Clay got into the industry years ago as a writer with Bobby Brown, and then proceeded to learn the industry through the school of hard knocks (trial and error). It was a great training ground for Clay, and many successful people came out of that Bosstown camp. In fact, it eventually led Clay to where he is today at Grand Hustle, and educating the young people in this industry so they would never have to go through what he did. Grand Hustle has a family mentality and treats everyone as family. No strangers to adversity, when TIP was incarcerated just after the release of his first Atlantic recording, P$C had to step up and keep the Grand Hustle brand alive. They went out on the road and kept the buzz going for the label. Of course, it was hard having the biggest artist incarcerated at the height of his career. Clay reminisces about the struggle, “Big Kuntry and P$C had to really step up. TIP and J Geter had laid such a foundation that they were able to lay a blessed foundation.” Geter and Clay went into the small markets themselves and promoted their own shows waiting for the day when TIP got out of jail. “Because we all pulled together as a family during the rough times, that is why we are able to stay together as a family now,” Clay believes. “Because TIP went to jail, it forced others to step up and grind instead of waiting for him to experience remarkable fame and then live off of it. Everyone in the camp stepped up. We have the ultimate team players — everyone plays their own position. This increased their opportunities,” Clay informs me, thinking about his favorite football player. “I’m inspired by Deion Sanders. He played the corner position and locked his whole side down. This gave others more opportunities to excel. They look like superstars because they played their own position and they became great at those positions. It enable each player to get more shine and negotiate bigger contracts. Grand Hustle did the same thing: while other labels have laid in the cut and waited for the main artist to blow up, the rest of our guys were forced into positions that they created for themselves, without knowing they created them. This system was built by each individual in the system. Each person has licked stamps, promoted on the streets, hung posters, pressed up CDs, etc. Every member of Grand Hustle knows what it means to grind.” “TIP is a label owner but knows to play his position as the artist. Everyone else is in position to play off TIP’s quarterback position. That’s why it’s a successful situation over here,” Clay tells me. Grand Hustle does seem to be one of the most successful label in Atlanta. “Not only does everyone play their positions, but we all started at the bottom and worked our way through every position. Jason Geter started as an intern at Patchwerk; we all met at Patchwerk. I worked with BJ at Patchwerk — I was head of A&R (Bob Witfield started Patchwerk Records),” Clay recalls. In early 2000, BJ and Clay left Patchwerk and started Rubicon Entertainment. “We started doing events around town like Sippin’ On Sundays (an industry event that attracted the local tastemakers). Then, Jason Geter left Ghettovision/Arista and started Grand Hustle with TIP. I came aboard right away. I’ve been down since Day One planting seeds,” Clay says, as he’s in it to build something, not to take credit. “This is TIP’s and Jason’s vision and they invited me into their vision.” This is an industry of building stars. “We create a demand by building the stage presence, how the artist conducts himself in interviews, developing the artist and building image and swagger. We believe in the grind. Big Kuntry has been getting paid shows yet has barely had a record on the radio. He has a solid base and foundation. The artists can provide for their families,” Clay mentions as we discuss the importance of artists understanding the business. “We help them learn the business side, which is the side that keeps them in the game. We help them select their attorneys and allow them to grind so the can provide a strong revenue from being on the road,” Clay says. Most artists want to perform and care little about anything else. That is where Monday nights at Crucial come in…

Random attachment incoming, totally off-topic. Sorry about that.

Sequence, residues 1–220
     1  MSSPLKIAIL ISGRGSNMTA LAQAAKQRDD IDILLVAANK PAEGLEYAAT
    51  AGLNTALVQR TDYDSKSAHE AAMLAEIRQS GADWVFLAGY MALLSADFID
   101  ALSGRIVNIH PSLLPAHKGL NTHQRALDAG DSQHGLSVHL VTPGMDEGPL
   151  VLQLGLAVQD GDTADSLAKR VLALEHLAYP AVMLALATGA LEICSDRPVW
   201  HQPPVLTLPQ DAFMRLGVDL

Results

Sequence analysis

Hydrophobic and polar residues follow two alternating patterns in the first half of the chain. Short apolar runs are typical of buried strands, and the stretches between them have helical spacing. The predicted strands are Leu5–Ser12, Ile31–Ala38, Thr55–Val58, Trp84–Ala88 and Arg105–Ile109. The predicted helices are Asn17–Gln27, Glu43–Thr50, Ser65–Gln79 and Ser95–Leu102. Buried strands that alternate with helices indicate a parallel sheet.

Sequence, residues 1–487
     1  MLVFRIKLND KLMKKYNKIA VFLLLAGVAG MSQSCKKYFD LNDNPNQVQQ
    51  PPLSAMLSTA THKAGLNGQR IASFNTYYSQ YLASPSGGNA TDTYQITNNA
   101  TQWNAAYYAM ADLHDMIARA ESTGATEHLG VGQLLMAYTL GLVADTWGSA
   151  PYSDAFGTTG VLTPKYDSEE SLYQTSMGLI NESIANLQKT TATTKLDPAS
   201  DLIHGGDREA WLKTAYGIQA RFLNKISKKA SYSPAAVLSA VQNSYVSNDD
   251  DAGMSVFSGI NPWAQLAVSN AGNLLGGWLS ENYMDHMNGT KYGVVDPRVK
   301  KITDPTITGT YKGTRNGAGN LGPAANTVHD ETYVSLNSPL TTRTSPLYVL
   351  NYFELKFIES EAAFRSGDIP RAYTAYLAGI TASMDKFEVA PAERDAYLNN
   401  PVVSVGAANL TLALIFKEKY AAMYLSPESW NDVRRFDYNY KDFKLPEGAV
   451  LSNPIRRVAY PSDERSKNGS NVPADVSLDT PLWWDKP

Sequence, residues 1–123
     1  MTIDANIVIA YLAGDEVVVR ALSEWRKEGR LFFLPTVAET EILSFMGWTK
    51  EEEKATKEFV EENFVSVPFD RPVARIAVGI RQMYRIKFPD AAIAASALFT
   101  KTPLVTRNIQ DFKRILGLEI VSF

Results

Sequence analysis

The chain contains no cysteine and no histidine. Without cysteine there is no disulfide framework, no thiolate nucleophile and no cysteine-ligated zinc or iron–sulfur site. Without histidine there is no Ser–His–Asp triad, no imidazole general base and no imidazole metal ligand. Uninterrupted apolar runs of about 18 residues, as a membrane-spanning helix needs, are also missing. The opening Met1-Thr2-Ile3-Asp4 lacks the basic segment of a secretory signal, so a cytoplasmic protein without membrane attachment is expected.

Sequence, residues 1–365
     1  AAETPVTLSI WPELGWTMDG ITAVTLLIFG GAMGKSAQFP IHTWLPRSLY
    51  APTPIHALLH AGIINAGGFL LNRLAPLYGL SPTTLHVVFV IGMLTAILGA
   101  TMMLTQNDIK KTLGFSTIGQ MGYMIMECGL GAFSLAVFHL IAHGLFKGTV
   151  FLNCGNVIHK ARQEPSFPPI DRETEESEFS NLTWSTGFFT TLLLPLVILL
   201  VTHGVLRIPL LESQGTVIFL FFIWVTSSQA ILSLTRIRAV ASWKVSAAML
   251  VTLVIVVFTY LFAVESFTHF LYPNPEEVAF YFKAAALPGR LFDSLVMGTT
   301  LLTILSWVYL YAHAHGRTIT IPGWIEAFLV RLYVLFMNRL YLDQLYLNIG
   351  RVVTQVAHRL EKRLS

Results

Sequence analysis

(left): Clay and Young Dro rock the crowd at a T.I. vs. T.I.P. release party in Atlanta